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95% of Americans share passwords with friends and family members

February 18th, 2016 at 8:40 PM
LastPass Sharing Passwords

Online security has been one of the hottest topics on the planet for the past several years. Between Edward Snowden, the Sony hack, the Target hack and Hillary Clinton’s private email server, you would think that Americans would be on top of their own personal security when it comes to online accounts that contain sensitive information.

Unfortunately, you’d be mistaken.

READ MORE: The FBI has laid a clever trap for Apple

According to the results a recent survey from the developers behind password management app LastPass, 95% of Americans share between one and six passwords with friends or family members. This is in spite of the fact that 73% of them admit that they are taking a risk by doing so.

You might think that you’re not one of the millions sharing passwords, but if you’ve ever given anyone your Wi-Fi password or allowed someone to log in to your Netflix or HBO account, you’re a member of this massive group.

“Nearly all aspects of our lives have some online component and when you bring password sharing into the mix, all of that sensitive information is instantly compromised,” said LastPass Vice President Joe Siegrist.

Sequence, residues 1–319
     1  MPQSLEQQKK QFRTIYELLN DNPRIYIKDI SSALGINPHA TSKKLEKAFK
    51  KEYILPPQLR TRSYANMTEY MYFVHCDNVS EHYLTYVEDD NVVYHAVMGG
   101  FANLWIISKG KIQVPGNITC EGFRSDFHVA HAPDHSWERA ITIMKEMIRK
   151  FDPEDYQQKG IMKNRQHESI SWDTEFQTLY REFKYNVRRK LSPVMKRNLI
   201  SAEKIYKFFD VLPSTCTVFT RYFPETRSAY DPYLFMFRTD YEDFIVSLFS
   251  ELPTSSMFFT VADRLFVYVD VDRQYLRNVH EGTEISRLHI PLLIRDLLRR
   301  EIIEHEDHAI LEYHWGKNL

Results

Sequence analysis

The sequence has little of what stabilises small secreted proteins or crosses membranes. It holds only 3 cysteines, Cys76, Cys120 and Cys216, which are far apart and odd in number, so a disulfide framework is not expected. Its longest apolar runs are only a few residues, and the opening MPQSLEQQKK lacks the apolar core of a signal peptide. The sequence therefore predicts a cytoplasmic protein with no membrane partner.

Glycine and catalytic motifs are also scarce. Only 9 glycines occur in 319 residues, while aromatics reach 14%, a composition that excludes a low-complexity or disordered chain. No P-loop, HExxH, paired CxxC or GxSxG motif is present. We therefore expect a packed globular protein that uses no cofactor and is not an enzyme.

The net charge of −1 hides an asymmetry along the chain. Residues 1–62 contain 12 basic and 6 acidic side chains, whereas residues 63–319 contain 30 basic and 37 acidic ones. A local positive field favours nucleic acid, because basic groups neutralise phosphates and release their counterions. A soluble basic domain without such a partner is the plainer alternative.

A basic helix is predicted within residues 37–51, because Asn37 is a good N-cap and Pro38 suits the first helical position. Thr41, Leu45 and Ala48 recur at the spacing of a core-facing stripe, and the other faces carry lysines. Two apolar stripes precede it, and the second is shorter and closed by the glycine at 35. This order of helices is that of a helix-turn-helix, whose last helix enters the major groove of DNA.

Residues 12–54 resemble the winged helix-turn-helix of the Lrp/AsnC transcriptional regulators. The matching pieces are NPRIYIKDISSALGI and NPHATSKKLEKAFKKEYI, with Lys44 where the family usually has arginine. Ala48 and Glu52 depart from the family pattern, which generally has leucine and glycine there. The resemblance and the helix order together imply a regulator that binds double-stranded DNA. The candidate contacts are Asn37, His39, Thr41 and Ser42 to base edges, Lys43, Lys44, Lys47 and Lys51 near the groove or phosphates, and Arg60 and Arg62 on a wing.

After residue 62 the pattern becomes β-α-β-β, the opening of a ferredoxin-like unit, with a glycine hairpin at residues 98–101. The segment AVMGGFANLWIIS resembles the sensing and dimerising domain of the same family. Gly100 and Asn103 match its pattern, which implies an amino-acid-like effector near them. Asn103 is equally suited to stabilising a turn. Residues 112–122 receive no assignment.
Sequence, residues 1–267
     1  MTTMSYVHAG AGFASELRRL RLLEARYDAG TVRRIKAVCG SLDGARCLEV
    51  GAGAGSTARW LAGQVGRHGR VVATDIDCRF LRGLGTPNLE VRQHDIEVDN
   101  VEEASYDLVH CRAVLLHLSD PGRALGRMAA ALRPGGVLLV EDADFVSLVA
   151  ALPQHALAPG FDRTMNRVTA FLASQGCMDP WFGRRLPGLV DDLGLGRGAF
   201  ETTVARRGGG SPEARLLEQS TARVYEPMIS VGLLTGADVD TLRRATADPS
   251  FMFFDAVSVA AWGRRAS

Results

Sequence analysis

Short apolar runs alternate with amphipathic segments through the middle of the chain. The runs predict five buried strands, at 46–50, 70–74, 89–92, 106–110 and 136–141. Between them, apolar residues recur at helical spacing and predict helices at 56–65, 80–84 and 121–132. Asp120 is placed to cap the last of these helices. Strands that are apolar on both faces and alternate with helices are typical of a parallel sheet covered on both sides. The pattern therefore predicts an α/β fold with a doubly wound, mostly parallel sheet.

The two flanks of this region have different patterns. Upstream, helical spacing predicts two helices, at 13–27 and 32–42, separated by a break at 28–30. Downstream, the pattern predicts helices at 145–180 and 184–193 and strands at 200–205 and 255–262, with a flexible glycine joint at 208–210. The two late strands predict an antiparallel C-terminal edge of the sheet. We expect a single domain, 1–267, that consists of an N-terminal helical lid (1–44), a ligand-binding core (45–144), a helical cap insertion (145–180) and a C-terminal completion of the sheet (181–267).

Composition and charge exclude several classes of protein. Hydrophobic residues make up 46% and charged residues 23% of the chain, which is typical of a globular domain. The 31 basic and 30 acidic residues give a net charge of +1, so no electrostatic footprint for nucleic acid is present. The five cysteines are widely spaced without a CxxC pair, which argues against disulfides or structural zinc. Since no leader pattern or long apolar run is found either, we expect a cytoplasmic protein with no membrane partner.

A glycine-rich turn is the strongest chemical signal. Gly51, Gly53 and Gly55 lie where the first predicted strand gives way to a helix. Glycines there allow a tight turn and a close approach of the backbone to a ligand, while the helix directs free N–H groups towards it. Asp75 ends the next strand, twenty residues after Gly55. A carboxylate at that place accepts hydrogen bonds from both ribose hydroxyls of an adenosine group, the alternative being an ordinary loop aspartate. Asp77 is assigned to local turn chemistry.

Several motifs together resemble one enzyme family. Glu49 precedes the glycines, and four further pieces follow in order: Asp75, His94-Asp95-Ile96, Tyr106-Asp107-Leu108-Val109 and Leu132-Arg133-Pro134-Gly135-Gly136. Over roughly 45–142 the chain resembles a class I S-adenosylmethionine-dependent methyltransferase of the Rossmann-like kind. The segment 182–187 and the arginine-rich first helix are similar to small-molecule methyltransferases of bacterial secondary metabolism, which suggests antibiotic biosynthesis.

Although letting a trusted friend jump on your Wi-Fi network might not be all that risky, another statistic from the survey is far more worrisome. Security experts will tell you that repeating passwords is one of the biggest mistakes you can make, but 59% of the 1,053 people surveyed said they reuse passwords on multiple sites.

If your Netflix password happens to be the same as your bank account password, an innocuous decision to share with a careless friend could suddenly leave you thousands of dollars in the hole.

So, for the last time: use a password manager.

Jacob started covering video games and technology in college as a hobby, but it quickly became clear to him that this was what he wanted to do for a living. He currently resides in New York writing for BGR. His previously published work can be found on TechHive, VentureBeat and Game Rant.

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